Dum Dum Girls – Too True
Summary: Well-produced, 60s dreamy synth pop with the sophistication of 80s haze-rock --if its authenticity can be believed.

Dum Dum Girls have returned with their latest record, Too True; the band’s third studio album which will release next week. Too True will be their first full-length album since Only In Dreams (2011) and will follow their 2012 EP, End of Daze. The album is once again produced with the assistance of Richard Gottehrer and The Raveonettes’ Sune Rose Wagner, both names associated with Dum Dum Girls in the past. Front woman Dee Dee claims that End of Daze; “signalled exactly that; an end to a part of my life that was confused, difficult, disastrous, and at times, redemptive.”

While Dum Dum Girls take their music in a slightly different direction with Too True, they stay the course throughout the album. At a slower tempo and viewed through a kaleidoscope, the album is a 60s glam-pop dreamland, viewed best as a shimmering, hazy desert of beautiful sadness. Similar to their previous albums, a lo-fi atmosphere is apparent without sacrificing production quality. However, Too True has more of a melancholic aura than the upbeat sophomore album, Only in Dreams. Comparing it to the band’s previous records, there is a clear evolution of their sound and message.

The authenticity of Too True lies in whether it’s 60s dream-pop epiphany can be believed as an inspired commendation, or rather dismissed as pretentious name-dropping. Dee Dee notes several figured which she claims to have resonated so deeply when writing the album that she felt as though they were like artistic collaborators, such as “Rainer Maria Rilke, Anaïs Nin, Arthur Rimbaud, Paul Verlaine, Charles Baudelaire, Sylvia Plath;” and, “the punk poet singers Patti Smith and Lou Reed.” She even pays homage to the 19th century poet, in ‘Rimbaud Eyes,’ one of the album’s more repetitive tracks.  “So much of my life has been defined, aided, and even saved by music. Here is my best attempt at joining the rock ’n’ roll ranks, of chasing pop into the dark.”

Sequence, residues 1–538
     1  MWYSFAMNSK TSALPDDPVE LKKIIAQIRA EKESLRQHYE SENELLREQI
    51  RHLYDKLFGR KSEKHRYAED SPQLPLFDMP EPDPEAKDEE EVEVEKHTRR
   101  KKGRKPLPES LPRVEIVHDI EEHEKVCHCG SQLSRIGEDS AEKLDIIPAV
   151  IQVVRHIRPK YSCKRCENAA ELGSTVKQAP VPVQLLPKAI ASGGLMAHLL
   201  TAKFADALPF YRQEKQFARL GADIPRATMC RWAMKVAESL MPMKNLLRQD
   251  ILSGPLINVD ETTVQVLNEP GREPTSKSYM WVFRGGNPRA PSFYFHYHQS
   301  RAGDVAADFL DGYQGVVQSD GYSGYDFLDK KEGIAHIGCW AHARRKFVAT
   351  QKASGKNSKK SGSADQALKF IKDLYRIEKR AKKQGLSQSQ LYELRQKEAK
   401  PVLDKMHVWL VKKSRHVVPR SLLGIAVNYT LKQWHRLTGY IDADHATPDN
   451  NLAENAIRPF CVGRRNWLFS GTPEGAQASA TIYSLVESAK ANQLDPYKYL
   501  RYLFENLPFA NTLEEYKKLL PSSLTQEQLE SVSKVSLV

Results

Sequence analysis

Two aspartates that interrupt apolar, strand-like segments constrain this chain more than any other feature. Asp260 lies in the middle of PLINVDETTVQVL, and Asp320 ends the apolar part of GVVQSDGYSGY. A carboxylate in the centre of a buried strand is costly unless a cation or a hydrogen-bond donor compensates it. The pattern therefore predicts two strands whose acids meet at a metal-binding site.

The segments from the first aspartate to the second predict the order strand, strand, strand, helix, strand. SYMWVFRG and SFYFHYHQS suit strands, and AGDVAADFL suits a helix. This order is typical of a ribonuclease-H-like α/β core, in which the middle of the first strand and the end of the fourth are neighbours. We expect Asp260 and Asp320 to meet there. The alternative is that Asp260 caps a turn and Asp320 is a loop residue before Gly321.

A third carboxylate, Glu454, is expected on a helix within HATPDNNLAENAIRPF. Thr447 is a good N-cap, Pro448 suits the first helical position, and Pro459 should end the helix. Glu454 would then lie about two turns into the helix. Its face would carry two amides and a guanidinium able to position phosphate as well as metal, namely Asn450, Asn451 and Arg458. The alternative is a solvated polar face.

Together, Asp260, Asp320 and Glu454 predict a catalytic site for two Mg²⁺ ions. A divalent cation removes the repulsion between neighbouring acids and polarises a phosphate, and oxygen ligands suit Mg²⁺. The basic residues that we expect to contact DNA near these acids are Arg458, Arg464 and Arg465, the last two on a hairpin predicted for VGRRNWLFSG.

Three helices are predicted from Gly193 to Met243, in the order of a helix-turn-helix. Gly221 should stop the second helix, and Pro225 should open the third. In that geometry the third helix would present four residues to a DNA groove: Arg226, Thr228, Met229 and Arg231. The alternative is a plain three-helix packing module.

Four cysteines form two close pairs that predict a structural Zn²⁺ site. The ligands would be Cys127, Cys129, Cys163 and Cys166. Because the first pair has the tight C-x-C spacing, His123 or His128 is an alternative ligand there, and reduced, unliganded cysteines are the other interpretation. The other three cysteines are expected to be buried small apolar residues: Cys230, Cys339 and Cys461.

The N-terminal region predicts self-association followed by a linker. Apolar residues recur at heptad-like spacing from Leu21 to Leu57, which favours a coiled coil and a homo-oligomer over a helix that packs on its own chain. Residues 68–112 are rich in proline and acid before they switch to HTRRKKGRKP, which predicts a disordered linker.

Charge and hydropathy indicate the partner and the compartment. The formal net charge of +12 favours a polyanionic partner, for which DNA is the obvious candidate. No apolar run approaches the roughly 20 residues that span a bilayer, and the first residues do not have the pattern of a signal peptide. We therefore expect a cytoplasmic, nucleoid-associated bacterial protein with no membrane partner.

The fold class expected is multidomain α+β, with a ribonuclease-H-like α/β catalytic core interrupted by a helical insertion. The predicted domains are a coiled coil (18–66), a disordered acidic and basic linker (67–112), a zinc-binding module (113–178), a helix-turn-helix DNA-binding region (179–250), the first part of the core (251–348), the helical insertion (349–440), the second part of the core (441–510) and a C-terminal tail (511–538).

With many of its tracks written in close succession over a period of weeks, the record is undoubtedly focused and cohesive. Unfortunately the binge writing could also explain some of the more uninspired lyrics on the album, such as in ‘Rimbaud Eyes.’ (Dee Dee sings, “You got Rimbaud Eyes” fourteen times in the three and a half minute song.) Dee Dee also claims that she wrote some of the tracks on Too True locked up in a New York apartment, and then later in Hollywood at the infamous Chateau Marmont. Her “drunken loneliness” and the atmosphere of her writing echo loudly in the lyrics.

Notable tracks on the record include the album’s lead single; ‘Lost Boys and Girls Club,’ (which had support from multinational retail-clothing company, H&M, in its official music video) the album title-inspired ‘Too True To Be Good,’ and the longest track on the relatively short album (clocking in at just over four minutes); ‘Trouble is My Name.’

Is Too True the album that will recruit Dum Dum Girls into the rock’ n’ roll ranks? Probably not. However, it could easily be considered the best Dum Dum Girls record to date, showing just how far the band have already come.

Too True is released on January 27 via Sub Pop.

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